Cruising and Facebook…It's a Social Thing


Cruising is absolutely my most favorite thing to do for a vacation. I’ve been on four so far, and believe me, they’ve been some of the best experiences of my life and I’ve met a lot of great people. In 2004 I took my first cruise and I booked it through a travel agent (I know what you’re thinking…travel agent, what’s that?). The last cruise I booked directly through the cruise line (much less of a hassle). I didn’t research which was the best cruise line or rely on consumer reviews, I pretty much flew by the seat of my pants. But that’s not how it’s done these days. When we are researching vacations, our impressions are really dependent on what our friends recommend and that’s where Facebook can come into play. As with Facebook, cruising is a social thing. When you take a cruise, you talk to people from all walks of life. There are lots of people all around you on the boat, so social media goes hand in hand with it. With Facebook, you can go in and see your friends’ recommendations. It makes it that much more credible and relevant when you’re reading a review from one of your closest friends.

The cruise industry has embraced social media as one of their marketing strategies. Carnival Cruise Lines has done a great job of integrating Facebook into theirs. Carnival’s social media goal is to help educate consumers on the value of cruising, and specifically, better connect with people who have never cruised before. Carnival’s Facebook fan base is over 530,000 today, growing from around 45,000 at the end of 2009.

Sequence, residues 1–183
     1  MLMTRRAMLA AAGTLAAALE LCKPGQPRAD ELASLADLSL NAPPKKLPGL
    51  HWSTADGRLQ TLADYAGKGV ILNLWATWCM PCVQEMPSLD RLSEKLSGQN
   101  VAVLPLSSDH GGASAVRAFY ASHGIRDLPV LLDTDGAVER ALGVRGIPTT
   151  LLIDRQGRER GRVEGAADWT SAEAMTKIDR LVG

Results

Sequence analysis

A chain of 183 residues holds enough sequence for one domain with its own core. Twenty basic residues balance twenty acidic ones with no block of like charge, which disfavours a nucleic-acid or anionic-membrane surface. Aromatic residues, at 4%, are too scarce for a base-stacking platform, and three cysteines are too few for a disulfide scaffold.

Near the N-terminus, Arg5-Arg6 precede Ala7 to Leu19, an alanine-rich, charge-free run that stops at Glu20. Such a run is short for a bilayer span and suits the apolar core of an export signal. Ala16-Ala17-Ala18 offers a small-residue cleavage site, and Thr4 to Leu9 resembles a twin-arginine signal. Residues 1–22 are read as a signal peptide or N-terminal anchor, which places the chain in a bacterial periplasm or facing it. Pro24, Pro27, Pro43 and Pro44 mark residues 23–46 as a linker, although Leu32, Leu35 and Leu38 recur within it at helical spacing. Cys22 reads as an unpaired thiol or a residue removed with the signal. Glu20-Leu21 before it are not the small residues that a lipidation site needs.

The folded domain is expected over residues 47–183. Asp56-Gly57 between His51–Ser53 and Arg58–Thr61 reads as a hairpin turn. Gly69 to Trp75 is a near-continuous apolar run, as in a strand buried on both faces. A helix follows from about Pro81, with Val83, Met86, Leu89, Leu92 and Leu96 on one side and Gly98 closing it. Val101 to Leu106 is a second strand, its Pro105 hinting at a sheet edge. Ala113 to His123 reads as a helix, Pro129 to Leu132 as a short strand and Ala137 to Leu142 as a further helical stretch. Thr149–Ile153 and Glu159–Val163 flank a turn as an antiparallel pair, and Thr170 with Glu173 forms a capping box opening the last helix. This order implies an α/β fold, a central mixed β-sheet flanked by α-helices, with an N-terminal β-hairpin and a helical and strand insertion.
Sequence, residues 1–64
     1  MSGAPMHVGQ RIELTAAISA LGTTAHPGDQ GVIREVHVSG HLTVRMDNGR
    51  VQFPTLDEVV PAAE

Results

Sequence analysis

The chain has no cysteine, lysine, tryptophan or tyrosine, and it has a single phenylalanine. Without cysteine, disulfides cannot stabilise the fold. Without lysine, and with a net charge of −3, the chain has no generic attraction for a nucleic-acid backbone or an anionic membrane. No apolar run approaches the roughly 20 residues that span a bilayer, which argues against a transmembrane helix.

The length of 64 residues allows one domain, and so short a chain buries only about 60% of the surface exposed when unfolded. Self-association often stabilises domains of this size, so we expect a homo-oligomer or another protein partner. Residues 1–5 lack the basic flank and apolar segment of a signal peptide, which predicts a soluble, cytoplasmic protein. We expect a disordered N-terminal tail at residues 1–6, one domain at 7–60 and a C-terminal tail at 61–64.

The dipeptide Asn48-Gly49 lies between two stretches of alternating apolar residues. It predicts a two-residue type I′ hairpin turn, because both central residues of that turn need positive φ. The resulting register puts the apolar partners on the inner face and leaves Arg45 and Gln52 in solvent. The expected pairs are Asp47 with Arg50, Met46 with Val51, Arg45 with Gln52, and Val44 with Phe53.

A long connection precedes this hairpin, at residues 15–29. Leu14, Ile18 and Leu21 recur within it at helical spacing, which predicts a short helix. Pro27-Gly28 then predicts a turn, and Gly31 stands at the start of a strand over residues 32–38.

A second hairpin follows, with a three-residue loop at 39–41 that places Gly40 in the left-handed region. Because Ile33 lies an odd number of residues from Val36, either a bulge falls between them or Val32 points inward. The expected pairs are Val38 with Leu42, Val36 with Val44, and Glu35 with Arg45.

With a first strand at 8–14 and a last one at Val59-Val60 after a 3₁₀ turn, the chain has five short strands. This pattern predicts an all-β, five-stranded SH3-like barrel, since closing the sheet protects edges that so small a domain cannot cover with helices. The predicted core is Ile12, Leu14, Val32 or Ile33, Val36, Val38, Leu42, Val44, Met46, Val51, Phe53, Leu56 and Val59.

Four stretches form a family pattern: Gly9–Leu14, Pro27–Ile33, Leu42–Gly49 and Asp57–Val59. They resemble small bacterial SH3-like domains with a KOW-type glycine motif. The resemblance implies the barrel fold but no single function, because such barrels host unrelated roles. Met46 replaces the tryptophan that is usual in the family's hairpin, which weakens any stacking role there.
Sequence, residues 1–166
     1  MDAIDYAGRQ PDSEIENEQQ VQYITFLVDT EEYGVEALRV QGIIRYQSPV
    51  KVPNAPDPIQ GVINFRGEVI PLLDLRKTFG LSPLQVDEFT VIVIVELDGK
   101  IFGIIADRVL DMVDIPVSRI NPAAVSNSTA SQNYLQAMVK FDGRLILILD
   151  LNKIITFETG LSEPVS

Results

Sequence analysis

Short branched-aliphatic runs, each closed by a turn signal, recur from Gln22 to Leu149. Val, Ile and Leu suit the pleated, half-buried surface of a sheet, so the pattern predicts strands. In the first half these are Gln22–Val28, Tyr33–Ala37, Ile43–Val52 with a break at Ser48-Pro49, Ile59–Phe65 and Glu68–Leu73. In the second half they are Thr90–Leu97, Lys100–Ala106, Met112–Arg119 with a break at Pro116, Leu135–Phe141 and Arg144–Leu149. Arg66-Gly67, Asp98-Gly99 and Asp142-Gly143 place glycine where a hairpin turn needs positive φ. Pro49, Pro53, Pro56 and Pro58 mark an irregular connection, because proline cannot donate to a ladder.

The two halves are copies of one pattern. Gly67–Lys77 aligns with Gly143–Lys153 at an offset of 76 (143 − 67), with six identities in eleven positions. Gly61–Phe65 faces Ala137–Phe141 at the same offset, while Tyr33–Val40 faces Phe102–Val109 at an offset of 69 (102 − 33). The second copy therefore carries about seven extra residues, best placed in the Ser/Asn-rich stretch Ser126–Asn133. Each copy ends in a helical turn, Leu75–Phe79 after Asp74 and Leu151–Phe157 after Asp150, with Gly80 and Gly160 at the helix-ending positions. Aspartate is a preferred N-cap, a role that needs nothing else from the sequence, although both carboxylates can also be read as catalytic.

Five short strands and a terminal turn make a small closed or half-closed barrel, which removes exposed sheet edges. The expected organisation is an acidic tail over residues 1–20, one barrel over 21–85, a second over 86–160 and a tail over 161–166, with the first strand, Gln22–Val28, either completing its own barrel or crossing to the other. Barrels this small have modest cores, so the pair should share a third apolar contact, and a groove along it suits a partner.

Carnival has found, like many other businesses that the key to making a page successful is really good content and providing some sort of utility for Facebook users, all the while trying to focus on user-generated content. One of their strategies to encourage more consumer interaction was the introduction of a tab on their Facebook page featuring their newest ship, Carnival Magic, set to debut in May. They used it to help consumers build part of the Magic. They asked people to go on Facebook and submit names for a pasta dish for their Italian eatery. In turn, Carnival selected a name, and it’s going to be printed on the menu. Right now, they are running a contest for people to suggest names for a mini golf course. The Facebook tab also has behind-the-scenes videos and a meet-the-crew feature. Every month, they profile a different crew member so people can learn more about the staff. So far, they’ve done the cruise director, the captain and some senior staff. And, they just recently launched their cruise shopper tab, which lets people book cruises directly on Facebook. Right now they are just testing it and they don’t envision this changing the way people book their cruises online, but there’s potential.

As with any campaign, there are some challenges. In Carnival’s case, it’s a good one. They have had so many people participating that it’s hard to keep up – from moderating contest entries and interacting with users, to trying to get crew members to answer questions and post in a timely manner.

In the end, the biggest lesson that Carnival has learned is that social media changes at an incredible pace. Not only does the Facebook platform change, but the way people use it changes all the time. Carnival is just trying to keep up with that and make sure that whatever they are developing is easily adaptable to the user.

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